As many may have already known, during Meliora Weekend, students protested over  UR’s lack of accountability and transparency regarding sexual assault cases. Over the few weeks since then, I have been reflecting on participating in my first protest.

When I first heard about the protest from my friend, I felt hesitant to attend, especially as an international student. Although America is a democratic country with a constitution protecting the freedoms of speech and protest, anxious “what ifs” immediately popped into my head alongside the news.

“What if I get kicked out of school?”

“What if my visa gets revoked?”

Moreover, I felt awful about disrupting a celebration held for alumni. Do I have the right to disrupt their return to their university? Would anyone care?

Yet, another part of me was excited. My first protest, the first step of becoming more socially and politically active, in a school thousands of miles away from home.

The main protest entailed walking around Wilson Quad, where a large group of people had gathered. As we walked, our paper and cardboard posters in hand, I felt people’s stares. Under my mask, I could feel the heat of anxiety as my thoughts raced again:

“Why am I doing this?”

“I want to leave.”

“This is embarrassing.”

Then, some people in our group began to chant. After a moment of hesitation, I joined, turning my frustrations at myself, at my experiences with sexual assault, and at the world into rough, ugly shouts. My brain nearly forgot that I was rallying with a group of people behind the same cause, but once I heard the echoes of our voices I felt empowered to scream freely. The stares lost their fear-inducing power. Instead, they became motivational — a sign that we were getting attention. At one point, I even overheard an alumni thanking us for holding this protest, for never letting this issue die down. By the end, even though my throat couldn’t handle shouting anymore, I felt accomplished.

The power and importance of protests comes from our ability to turn what is impossible as an individual into power as a group. No matter how pressing an issue is, nothing can be done alone. This is probably obvious. However, a key part of this day had yet to come, one that would take a bit of my pride away. 

On our way to the Wilson Quad, we saw a figure in the distance. One of the protesters said, “That’s President Mangelsdorf!” Confusion rippled through the crowd as most of the group continued to move towards the quad while some hesitated. Those behind, including myself, were told — rather, shouted at — to chase after the president. Caught in the heat of the moment, amidst those shouting voices, I followed. I ran after the disappearing figure for minutes until she eventually disappeared inside a building. I later learned that she was trying to ignore and get away from us.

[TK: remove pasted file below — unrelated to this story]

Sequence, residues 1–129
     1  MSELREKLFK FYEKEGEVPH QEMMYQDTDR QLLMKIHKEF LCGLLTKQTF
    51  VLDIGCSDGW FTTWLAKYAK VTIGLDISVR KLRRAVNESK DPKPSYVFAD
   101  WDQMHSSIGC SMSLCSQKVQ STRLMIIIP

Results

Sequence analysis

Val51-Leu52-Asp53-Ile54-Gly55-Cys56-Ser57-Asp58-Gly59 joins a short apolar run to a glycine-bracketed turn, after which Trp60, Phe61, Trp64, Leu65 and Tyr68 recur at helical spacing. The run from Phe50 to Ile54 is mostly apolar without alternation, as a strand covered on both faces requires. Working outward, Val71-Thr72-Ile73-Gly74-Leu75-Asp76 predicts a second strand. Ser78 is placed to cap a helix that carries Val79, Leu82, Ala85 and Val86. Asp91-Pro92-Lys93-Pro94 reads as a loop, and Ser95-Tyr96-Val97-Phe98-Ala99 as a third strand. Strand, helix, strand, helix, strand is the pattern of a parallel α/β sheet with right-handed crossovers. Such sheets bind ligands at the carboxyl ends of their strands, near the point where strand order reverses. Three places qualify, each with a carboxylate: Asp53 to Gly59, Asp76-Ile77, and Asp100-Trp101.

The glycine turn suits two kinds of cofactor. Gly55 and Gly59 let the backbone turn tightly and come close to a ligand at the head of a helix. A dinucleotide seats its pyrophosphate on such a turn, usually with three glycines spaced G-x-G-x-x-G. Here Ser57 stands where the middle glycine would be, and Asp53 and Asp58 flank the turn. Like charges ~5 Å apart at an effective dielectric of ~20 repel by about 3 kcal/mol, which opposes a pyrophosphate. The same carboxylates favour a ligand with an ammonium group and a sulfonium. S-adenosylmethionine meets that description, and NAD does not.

We were warned afterwards, when the protest was over, about how harmful that could have been. What was meant to be a peaceful protest very easily and quickly became harassment. I still feel the burning sting of shame and regret for chasing after a woman who, before seeing us, was probably having a normal day. Passion for a cause is important, but there is a right way to channel and use it — this was not one of them.

What was the most shocking and, truthfully speaking, frightening thing about that moment was how instantaneously I lost my ability to think independently. How I didn’t question the moral implications of my actions. The combination of nerves and emotions, looking for any opportunity to release itself, latched onto anyone with power and authority. Those who spoke the loudest, took the daring actions, exuded confidence were, in my simple brain, the ones I should follow, not the sensible individuals who organized the protest. I understand now how easy it is to lose your mind. To act without thinking.

Protests, like my high school political science teacher once said, are like valves of a pressure cooker. They are tools by which citizens can let their frustrations be known to authorities instigating action with noise and disruption. However, much like those valves, one must be careful in their use, lest you hurt yourself. During the heat of the moment, when emotions and pressure are high, there is a high chance we will take actions we will regret. Instead of being a peaceful protest, it can derail into harassment, or worse, violence.

I am not saying protests are wrong. In fact, after this experience, I understand even more the important role protests play in a democratic society. I am, however, sharing my ideas and experiences to caution everyone, myself included, to practice critical thinking. To cement it so hard into your mind that, even during times of intense emotion, you never lose your head.

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